Friday, October 9, 2015

How is Health Care Like Baseball? Teamwork Matters

Remember Marcus Welby, M.D.?

How is Health Care Like Baseball? Teamwork Matters


Remember Marcus Welby, M.D.?

If you don’t, it’s not surprising. We’ve come a long way from doctors hanging out a shingle and practicing with just one nurse and a receptionist. Back in the days of black and white TV, the doctor did everything, from weighing you to writing down the symptoms (with a pen, not on a computer) and handing you a prescription.

Things have certainly changed. According to the American Medical Association (AMA), fewer than 18 percent practiced on their own in 2013, and even doctors in small practices have nurses, medical assistants, a receptionist and billing people—and that’s the simple setting. In a hospital or skilled nursing facility you’re likely to meet nurse practitioners, aides, dietitians, physical therapists and social workers even before seeing the doctor. Often, the nurse practitioner, not the doctor, will do the first intake.

And all too often, it feels like a mess. One of my professional colleagues was the contact person for an elderly grandmother with dementia. She would get calls from different people about moving her between facilities—one would say that it was time to move her grandmother; another would call and say she had been moved to the wrong place. It hardly felt to her like a team focused on patient care, never mind a team playing by the same set of rules with the same objectives.

But that is starting to change. Health systems are increasingly focusing squarely on the issue of team medicine—sometimes calling it inter-professional collaboration. In part, this is motivated by cost—the old days of the doctors doing everything meant that too much of the doctor’s time was spent on things that others could do at lower cost, and too little on the highly skilled work a doctor is trained to do. But the emergence of team-based care is evidence that how care is delivered is becoming as important as what care is delivered.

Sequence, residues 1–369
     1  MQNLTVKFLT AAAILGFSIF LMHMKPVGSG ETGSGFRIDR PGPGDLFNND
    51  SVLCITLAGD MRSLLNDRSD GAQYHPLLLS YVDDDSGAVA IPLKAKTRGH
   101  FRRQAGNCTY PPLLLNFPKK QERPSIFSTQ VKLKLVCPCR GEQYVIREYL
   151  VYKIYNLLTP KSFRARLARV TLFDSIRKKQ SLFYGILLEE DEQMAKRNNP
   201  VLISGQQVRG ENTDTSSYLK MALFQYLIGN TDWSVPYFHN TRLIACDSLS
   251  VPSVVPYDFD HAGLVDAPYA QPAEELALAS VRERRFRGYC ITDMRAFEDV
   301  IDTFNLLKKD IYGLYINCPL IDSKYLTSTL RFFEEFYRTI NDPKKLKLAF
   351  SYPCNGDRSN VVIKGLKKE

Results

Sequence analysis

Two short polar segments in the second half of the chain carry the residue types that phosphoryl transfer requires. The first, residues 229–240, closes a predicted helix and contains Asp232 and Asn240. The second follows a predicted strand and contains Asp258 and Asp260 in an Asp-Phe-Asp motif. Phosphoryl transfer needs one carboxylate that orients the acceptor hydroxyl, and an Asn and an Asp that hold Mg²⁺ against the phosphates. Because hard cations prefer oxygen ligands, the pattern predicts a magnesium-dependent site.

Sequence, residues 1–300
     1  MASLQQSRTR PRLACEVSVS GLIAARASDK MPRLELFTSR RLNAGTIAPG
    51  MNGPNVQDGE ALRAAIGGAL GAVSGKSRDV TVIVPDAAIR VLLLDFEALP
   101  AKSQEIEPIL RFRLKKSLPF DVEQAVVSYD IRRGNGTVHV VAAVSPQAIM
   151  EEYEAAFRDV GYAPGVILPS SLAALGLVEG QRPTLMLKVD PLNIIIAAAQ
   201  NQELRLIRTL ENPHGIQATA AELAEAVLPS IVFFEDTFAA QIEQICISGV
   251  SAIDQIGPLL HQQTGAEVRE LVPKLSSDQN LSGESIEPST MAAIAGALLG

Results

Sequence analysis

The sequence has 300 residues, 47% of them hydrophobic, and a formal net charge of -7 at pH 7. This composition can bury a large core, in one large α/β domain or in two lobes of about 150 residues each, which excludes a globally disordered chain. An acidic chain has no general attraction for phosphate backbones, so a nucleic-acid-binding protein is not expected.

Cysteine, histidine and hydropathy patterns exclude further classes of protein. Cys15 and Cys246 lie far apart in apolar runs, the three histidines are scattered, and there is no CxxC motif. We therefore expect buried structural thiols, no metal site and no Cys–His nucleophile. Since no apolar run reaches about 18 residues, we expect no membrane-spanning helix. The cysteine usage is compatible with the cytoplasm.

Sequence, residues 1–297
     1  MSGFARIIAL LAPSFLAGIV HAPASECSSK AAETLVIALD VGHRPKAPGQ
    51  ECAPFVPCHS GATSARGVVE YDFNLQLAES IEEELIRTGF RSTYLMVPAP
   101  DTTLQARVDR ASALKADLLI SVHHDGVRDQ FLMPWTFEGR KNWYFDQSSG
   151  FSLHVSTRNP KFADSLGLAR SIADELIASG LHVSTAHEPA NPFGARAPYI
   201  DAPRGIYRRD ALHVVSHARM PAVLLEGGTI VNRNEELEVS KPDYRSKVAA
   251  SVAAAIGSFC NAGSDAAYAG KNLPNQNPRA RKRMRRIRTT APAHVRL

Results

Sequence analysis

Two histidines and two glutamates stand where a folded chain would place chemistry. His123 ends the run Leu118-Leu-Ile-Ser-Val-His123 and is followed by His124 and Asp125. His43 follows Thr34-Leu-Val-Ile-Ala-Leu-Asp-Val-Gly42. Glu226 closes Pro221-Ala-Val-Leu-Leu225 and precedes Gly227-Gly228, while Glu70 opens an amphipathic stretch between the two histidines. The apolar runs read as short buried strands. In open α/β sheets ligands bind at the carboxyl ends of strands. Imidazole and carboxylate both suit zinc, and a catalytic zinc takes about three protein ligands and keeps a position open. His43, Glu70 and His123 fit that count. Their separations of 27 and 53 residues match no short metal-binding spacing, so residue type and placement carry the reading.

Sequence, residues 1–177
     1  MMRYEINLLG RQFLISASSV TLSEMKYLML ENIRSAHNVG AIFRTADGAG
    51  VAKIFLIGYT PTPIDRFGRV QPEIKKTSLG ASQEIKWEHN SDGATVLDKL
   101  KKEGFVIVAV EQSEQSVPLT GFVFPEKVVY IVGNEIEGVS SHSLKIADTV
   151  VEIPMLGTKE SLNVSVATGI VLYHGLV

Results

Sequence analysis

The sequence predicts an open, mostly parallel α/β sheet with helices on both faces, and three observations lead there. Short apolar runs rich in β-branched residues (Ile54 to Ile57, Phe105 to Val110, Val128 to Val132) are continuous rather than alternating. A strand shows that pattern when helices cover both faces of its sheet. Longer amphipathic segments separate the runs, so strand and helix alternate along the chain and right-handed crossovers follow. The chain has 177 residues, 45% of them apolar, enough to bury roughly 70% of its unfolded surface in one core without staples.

In our management consulting practice, we see this in medical homes, (as described by Elizabeth Williams in her May 27 Field Clinic post), but we also see it within the specialist’s office and even the operating room. When my own son was considering major spinal surgery, our family spent many hours with the surgeon’s physician assistant working through the choices on everything from sources of blood to risk factors to recovery exercises. We could—and did—ask the surgeon questions, but the PA was accessible as things surfaced over time, and that “on the spot” quality made us all a lot less anxious. It also enabled us to make smarter choices.

How can you tell if your hospital, nursing facility, clinic or doctors’ office has teams that really work together, rather than a group of professionals acting independently? Here are some things we look for in our work with healthcare organizations, that you can ask in your own experience with your healthcare providers:

  1. Do the healthcare professionals know and show respect for each other?
  2. Do their roles seem clear—to them and to you?
  3. Are they sending you different messages, or are you hearing the same thing from each team member?
  4. Do they seem more focused on you than each other?
  5. Does your team care give you ample opportunities to understand your health problems and discuss choices about treatment?
  6. The bottom line is—are the different professionals actually coordinating your care so you don’t have to?